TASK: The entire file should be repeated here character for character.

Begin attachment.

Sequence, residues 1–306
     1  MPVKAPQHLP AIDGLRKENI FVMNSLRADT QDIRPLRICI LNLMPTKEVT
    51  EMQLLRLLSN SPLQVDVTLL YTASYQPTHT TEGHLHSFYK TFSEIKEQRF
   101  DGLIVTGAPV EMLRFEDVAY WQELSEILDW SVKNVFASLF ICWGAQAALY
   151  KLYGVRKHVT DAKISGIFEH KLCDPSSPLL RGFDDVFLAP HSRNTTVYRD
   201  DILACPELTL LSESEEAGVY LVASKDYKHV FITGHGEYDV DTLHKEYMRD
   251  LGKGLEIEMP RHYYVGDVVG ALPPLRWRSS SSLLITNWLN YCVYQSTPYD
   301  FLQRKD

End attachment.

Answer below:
Sequence, residues 1–306
     1  MPVKAPQHLP AIDGLRKENI FVMNSLRADT QDIRPLRICI LNLMPTKEVT
    51  EMQLLRLLSN SPLQVDVTLL YTASYQPTHT TEGHLHSFYK TFSEIKEQRF
   101  DGLIVTGAPV EMLRFEDVAY WQELSEILDW SVKNVFASLF ICWGAQAALY
   151  KLYGVRKHVT DAKISGIFEH KLCDPSSPLL RGFDDVFLAP HSRNTTVYRD
   201  DILACPELTL LSESEEAGVY LVASKDYKHV FITGHGEYDV DTLHKEYMRD
   251  LGKGLEIEMP RHYYVGDVVG ALPPLRWRSS SSLLITNWLN YCVYQSTPYD
   301  FLQRKD